Retail Life episode 17

          There’s one type of customer I hate above all others. The scammer. These people feel so entitled that they find ways to get things for free, steal money, or to trick you into giving them more than what you’re supposed to in change. I have zero patience for these people and I don’t care how far up the corporate ladder they threaten to call – they will not get their way in my store.

          Example one: I used to have a customer that would bring in fake coupons. How did I know they were fake? Well, the number one rule in our coupon handling is “if it seems too good to be true, it probably is.” So, if she brings in a coupon for $10 off tide laundry soap that’s $11 a bottle? Yeah, that’s a fake coupon. Or a $5 off Febreze, and the Febreze item is in fact $5? That’s fake too. She tried to use her coupons in my store maybe three times before she realized it just wasn’t going to fly and she needed to take her bullshit somewhere else.

          Example two: This has never happened to me personally, but we hear about it all the time. Every time scammers do their thing in a store, an e-mail is sent out by loss prevention so we can be aware of the new tactic they’re trying to get their “free” money. People call the store and claim there is something wrong with our debit machine and they need to load a prepaid card to make sure ours is working. And how do they make sure? We’re supposed to cash out a transaction and read them the number off the back of the card. And what do you think happens next? Now that they’ve gotten the money off the card, they hang up and it’s too late to do anything else about it. Or the new way it’s happening is they come in, get the card rung up, distract the cashier, and cash out the transaction themselves. Or they claim they used to work here, so they know which button to press, “here, let me do it.” And out the door they go and your register is now $500 short.

          Example three: This happened to me just the other day. I didn’t fall for it, because I’m not dumb and have had this happen to me on more than one occasion in my nine years or retail. A man starts up a conversation, usually just some small talk. The other day, he was talking about tattoos. Easy topic with me since I have them on my arms, and so did he. Then he paid with a $50 and his change was $38. I gave him a twenty, three fives, and three ones. He turns away, then turns back and suddenly there’s a one-dollar bill where a twenty was just a moment ago. Since I’m not and idiot and I know there wasn’t a one in my twenty spot, I immediately just tell him, “No, I know I gave you a twenty.” He argues with me for a minute and a line of customers starts to form. Then he asks me to count my drawer to be sure. So I do. Right in front of him and the customers in line. And what do you know, my register was right on the money. He continues to argue though because he really wants me to give him an extra $20. But it’s not gonna happen. This isn’t the first time someone tried to put this over on me, and none of them got a way with it either. This guy was persistent though, even went as far as to get corporate’s number and my name. But he did eventually leave. Without his extra twenty.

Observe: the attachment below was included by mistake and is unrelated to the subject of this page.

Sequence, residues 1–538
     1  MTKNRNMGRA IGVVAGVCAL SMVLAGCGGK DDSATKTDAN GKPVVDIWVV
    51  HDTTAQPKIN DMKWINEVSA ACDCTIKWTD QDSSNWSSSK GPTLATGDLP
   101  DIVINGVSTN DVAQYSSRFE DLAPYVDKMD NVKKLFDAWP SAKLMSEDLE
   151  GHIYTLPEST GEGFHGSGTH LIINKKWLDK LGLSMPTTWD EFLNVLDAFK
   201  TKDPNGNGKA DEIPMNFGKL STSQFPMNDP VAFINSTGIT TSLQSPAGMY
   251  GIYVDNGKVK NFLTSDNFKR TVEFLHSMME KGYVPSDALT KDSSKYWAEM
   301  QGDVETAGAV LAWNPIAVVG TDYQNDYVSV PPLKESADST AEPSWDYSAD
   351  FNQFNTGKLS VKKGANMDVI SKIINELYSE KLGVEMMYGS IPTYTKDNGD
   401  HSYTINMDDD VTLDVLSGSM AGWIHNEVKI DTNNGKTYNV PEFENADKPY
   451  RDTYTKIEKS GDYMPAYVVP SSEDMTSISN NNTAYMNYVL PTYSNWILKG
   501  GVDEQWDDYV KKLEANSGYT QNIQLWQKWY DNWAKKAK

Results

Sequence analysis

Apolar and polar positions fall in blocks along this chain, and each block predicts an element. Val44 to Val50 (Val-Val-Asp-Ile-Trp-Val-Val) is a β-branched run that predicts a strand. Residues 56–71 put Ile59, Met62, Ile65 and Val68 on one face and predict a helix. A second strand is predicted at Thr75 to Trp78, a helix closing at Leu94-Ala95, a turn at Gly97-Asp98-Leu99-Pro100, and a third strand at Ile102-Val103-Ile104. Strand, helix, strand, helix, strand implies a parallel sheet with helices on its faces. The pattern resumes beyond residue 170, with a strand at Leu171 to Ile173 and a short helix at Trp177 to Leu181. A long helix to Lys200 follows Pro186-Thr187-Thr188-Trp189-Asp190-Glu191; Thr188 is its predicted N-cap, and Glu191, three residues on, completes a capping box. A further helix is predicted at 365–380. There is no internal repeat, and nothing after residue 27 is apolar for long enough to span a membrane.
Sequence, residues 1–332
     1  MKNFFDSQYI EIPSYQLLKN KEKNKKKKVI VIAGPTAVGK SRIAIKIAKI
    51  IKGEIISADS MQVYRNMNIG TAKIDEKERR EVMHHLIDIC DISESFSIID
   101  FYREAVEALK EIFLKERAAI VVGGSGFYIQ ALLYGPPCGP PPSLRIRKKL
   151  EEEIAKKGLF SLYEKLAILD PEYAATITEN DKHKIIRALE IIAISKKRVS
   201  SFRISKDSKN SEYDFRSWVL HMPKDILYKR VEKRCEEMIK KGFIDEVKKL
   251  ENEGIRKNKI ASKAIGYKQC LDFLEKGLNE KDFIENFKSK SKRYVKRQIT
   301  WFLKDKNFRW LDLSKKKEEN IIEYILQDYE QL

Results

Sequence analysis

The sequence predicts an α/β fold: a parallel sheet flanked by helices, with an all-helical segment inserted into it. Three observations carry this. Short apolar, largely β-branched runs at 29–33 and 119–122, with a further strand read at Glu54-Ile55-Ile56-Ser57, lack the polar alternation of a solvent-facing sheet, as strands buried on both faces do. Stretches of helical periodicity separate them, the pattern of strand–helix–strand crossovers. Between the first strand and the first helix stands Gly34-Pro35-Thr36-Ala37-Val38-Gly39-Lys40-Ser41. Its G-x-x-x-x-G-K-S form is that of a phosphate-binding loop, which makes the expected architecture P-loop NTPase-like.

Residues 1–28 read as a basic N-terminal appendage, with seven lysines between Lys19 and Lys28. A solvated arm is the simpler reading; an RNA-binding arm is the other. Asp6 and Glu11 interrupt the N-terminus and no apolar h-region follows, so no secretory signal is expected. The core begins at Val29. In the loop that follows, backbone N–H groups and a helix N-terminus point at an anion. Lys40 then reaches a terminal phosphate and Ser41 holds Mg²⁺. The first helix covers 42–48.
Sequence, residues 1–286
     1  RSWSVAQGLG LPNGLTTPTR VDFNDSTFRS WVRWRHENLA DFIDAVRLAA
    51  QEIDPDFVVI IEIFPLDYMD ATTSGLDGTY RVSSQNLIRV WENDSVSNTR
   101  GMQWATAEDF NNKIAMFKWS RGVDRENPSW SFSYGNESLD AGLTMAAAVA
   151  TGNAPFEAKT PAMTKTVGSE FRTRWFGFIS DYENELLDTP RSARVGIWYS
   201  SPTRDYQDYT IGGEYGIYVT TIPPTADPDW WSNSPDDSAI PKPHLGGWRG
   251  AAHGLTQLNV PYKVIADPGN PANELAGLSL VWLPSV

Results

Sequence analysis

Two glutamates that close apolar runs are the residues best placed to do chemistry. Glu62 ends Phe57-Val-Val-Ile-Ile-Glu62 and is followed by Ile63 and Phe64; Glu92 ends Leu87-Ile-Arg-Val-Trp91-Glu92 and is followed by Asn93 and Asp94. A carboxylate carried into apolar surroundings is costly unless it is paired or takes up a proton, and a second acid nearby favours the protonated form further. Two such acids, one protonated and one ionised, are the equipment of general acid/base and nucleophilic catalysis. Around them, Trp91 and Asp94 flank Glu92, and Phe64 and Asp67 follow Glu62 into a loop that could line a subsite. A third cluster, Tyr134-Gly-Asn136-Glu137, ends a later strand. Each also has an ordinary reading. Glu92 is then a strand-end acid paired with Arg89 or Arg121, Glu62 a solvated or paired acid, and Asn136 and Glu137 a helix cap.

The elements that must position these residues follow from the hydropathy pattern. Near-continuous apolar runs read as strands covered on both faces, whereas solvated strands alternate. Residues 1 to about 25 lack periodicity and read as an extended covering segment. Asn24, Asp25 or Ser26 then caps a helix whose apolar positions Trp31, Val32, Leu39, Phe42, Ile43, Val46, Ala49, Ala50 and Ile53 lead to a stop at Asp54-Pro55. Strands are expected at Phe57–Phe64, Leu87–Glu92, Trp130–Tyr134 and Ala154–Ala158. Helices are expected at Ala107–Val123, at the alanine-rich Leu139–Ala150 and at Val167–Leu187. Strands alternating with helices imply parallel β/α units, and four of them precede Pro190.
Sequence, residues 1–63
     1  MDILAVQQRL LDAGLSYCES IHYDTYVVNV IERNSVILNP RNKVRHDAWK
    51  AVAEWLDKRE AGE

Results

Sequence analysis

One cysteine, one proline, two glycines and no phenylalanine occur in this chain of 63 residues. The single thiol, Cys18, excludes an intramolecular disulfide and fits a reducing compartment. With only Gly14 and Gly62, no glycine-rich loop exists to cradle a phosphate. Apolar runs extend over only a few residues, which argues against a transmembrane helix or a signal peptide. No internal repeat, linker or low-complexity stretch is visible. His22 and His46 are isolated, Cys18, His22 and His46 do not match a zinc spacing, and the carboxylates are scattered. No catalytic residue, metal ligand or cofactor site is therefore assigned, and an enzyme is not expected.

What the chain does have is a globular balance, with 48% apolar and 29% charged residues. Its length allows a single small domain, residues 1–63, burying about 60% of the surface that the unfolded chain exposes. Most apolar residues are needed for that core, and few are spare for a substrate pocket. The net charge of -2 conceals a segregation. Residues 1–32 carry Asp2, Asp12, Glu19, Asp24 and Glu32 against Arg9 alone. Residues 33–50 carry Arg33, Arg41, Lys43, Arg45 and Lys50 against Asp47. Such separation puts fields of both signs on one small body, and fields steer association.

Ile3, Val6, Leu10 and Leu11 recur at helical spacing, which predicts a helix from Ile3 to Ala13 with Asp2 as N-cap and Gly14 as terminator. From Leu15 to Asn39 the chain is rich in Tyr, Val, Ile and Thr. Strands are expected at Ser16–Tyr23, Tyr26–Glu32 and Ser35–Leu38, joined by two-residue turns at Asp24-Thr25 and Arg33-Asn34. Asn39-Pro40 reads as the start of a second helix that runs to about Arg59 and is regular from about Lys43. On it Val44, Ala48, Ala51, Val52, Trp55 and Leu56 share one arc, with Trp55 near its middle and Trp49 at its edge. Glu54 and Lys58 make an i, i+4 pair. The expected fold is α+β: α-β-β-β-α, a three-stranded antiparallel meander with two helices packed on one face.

I just don’t understand where these people get off thinking that we owe them anything. They want cashiers to break company policies and come up short on cash because they are just so special. And these cashiers can easily lose their jobs for falling for any of these scams. Take too many fake coupons? Well, you just aren’t paying close enough attention. Fall for the prepaid card scams? You should know better. Get convinced you short changed a customer? You should call management to help you. But sometimes it’s hard to know if you’re being scammed. As a beginner, I probably wouldn’t have known the signs or how to react in those situations. Some people don’t like confrontation and don’t want to start an argument with the customer. Besides, the customer is always right, right?